Above: “Skulls Duet” from Gallery (1978)

Below: Scenes of “Interlude” from Gallery

Gallery at the Joyce

Ririe-Woodbury Dance Company
February 9–14, 2016
Joyce Theater, New York City


I am aesthetically challenged by the revivals of those dance works that chor­eographers produced in the “dim” past. What is the obligation of those who prepare and present the revival?

First, we need to recognize that the recording of dance works is nebulous. A Labanotation score is a dry document. Film lacks the third dimension. And words… well, are just words.

So where do we go to reproduce the real works? Art works such as painting, sculpture, and architecture exist and so can be copied as desired. Music? Music has problems. How different from the original is Bach played on a modern piano! And how many versions of the “Hallelujah Chorus” have we heard? But when produced by artists we recognize it because the notes have not been changed. The fundamental premise of the piece has not been al­tered. And done by artists we are uplifted.

Dance has Bach’s problems. In reconstruction the “instruments” have changed. Every body is different, with a tonality of its own, just as a mod­ern piano differs from Bach’s clavichord. Music, in addition to the actual notes, has its tempo, its volume, it accents, etc. (which gives the line of sound distinction), and its environment (the acoustics of venue since music is an aural art). And motion has, in addition to the “steps,” tempo, texture of motion, accompaniment, manner of performance, and its environment.

So how do we fulfill our obligation to reproduce dance art as faithfully as possible?

Labanotation gives a fairly accurate record of “steps”—the movement of the dance, together with a visual record. Film does the same. Written instruc­tions exist. But just as music reproduction depends upon the performer, so does dance. The dance artist can (and most usually do) do a good job of presenting the motion of historic works.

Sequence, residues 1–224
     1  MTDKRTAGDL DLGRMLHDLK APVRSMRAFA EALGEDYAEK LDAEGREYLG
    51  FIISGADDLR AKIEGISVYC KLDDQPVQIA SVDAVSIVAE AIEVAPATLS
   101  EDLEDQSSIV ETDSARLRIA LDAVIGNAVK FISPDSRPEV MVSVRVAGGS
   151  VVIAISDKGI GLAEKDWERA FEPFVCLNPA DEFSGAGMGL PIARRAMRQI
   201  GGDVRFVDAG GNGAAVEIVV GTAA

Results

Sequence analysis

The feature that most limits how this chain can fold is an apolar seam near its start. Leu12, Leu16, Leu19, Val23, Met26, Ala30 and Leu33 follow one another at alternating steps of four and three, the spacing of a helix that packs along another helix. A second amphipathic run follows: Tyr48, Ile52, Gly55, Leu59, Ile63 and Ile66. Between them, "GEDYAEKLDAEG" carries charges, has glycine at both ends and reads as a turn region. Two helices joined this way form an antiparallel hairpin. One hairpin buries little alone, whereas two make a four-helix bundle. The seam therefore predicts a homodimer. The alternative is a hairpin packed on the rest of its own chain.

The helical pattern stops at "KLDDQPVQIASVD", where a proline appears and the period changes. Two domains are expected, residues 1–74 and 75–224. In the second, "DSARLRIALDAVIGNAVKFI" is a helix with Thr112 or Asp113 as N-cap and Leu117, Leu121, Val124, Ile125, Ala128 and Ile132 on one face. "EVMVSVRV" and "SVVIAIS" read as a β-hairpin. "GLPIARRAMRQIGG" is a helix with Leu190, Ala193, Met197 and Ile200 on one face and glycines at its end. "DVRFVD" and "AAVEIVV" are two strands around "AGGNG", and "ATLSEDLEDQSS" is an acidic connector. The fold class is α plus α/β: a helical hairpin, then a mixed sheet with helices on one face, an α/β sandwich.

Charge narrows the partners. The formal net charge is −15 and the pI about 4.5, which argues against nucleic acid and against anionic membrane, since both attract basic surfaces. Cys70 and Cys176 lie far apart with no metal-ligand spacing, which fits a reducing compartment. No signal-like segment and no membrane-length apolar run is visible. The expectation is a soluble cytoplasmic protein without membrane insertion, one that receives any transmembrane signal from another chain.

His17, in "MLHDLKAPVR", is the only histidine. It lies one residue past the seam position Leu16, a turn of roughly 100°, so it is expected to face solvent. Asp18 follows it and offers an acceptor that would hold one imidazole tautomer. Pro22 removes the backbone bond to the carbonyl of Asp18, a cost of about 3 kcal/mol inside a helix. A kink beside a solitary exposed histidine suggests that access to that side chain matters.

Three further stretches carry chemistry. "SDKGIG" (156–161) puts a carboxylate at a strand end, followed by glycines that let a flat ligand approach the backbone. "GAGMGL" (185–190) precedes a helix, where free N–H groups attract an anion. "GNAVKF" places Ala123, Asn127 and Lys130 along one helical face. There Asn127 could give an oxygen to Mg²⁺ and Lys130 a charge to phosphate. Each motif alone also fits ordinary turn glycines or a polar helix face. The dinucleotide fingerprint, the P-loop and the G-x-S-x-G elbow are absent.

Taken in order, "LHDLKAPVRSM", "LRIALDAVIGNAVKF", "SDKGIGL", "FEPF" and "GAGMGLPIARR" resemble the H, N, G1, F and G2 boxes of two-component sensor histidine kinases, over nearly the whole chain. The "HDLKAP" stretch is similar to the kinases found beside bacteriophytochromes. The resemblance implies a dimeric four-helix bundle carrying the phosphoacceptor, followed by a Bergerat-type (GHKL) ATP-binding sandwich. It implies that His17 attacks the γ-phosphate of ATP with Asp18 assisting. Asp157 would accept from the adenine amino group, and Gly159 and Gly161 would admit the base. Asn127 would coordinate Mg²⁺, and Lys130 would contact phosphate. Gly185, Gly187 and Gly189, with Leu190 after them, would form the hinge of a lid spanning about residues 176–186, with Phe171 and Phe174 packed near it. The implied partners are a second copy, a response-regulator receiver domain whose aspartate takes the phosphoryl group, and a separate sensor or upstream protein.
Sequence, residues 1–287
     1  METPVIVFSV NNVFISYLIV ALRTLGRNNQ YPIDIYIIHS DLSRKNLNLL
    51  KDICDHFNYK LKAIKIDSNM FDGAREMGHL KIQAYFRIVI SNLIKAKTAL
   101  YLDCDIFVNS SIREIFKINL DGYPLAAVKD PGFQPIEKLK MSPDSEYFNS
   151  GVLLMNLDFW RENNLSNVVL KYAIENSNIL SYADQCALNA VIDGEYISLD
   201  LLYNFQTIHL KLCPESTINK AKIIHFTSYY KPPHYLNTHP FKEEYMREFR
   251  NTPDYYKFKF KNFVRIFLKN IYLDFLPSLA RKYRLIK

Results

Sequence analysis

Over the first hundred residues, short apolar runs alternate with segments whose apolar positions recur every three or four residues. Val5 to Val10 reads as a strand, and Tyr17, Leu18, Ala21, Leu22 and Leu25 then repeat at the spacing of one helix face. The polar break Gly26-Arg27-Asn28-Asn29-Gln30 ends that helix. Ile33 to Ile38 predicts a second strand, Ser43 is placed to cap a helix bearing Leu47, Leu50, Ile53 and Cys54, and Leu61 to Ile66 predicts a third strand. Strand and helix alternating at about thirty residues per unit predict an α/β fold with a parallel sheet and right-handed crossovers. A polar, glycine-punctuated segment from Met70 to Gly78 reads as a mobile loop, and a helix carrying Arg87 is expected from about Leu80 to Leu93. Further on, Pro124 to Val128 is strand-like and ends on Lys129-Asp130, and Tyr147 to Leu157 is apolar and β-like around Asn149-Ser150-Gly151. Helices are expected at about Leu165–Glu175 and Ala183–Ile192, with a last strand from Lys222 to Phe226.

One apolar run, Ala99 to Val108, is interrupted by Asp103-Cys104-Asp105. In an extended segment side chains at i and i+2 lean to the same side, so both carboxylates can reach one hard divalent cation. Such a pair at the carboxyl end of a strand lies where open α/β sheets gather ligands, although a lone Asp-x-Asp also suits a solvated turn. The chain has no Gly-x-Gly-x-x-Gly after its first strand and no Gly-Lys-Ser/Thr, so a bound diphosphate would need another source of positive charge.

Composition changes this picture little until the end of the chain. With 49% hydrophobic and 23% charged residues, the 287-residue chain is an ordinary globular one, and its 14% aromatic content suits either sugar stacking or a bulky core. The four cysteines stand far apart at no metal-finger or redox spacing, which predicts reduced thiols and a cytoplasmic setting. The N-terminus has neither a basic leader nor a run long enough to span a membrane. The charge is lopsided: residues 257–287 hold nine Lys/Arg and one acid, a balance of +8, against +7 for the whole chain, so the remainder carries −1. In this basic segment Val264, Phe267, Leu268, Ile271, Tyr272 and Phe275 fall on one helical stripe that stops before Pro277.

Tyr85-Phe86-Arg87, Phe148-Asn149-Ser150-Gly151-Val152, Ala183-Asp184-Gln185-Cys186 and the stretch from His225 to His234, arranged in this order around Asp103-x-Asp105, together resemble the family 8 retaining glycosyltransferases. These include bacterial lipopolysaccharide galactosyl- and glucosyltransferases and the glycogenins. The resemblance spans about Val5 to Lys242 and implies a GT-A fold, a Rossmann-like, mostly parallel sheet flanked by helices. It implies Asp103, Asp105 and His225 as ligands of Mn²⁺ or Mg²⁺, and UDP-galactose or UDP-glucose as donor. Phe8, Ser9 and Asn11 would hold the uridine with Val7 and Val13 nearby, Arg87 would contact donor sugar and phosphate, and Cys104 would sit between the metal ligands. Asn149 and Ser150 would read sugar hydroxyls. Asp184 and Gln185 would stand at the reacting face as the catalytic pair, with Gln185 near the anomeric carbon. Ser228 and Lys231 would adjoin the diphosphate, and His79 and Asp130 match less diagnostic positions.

However, there are some works of dance that require more than good mo­tion and the reenactment of the foot and body work. Some dance requires a specific setting. Some of Graham’s works without sculpture would be meaningless. The Green Table requires a table. Singing in the Rain re­quires a street and water. The performance of these pieces requires these properties so that the motion can be seen as intended. And some dance requires speci­fic lighting. Pioneer modern dancer Loïe Fuller (1862–1928) constructed a stage with trap doors to the cellar, from where lamp oper­ators could direct lighting from below. Lighting from traditional lamp positions would not present those dances as Fuller intended. The motion may be the same, but the aesthetic impact is not.

And now to the reason for this exposition—Alwin Nikolais’s black light bal­lets wherein the black light effects and not the motion of the dancers are important. I refer specifically to the “skulls duet” in Gallery. The costume for this work is black capes with small white skulls thereon that glow in the black light. The magic of this work is the illusion of the many tiny, disembodied skulls cavorting in air and not the “dancer-mechanism” that makes it happen. Seeing the dancers destroys the illusion.

Now I have no doubt that when this ballet was recorded the dancers may have been lit so that the reconstructionist would know just how those skulls were moved. But… someone needed to make note of this fact. The recorder needs to be more thorough in exposition. And he who reproduces needs to understand the aesthetic of the work. And we who were there need to add our voices so that masterworks can maintain their glory for new generations to enjoy.

Ruth E. Grauert, February 2016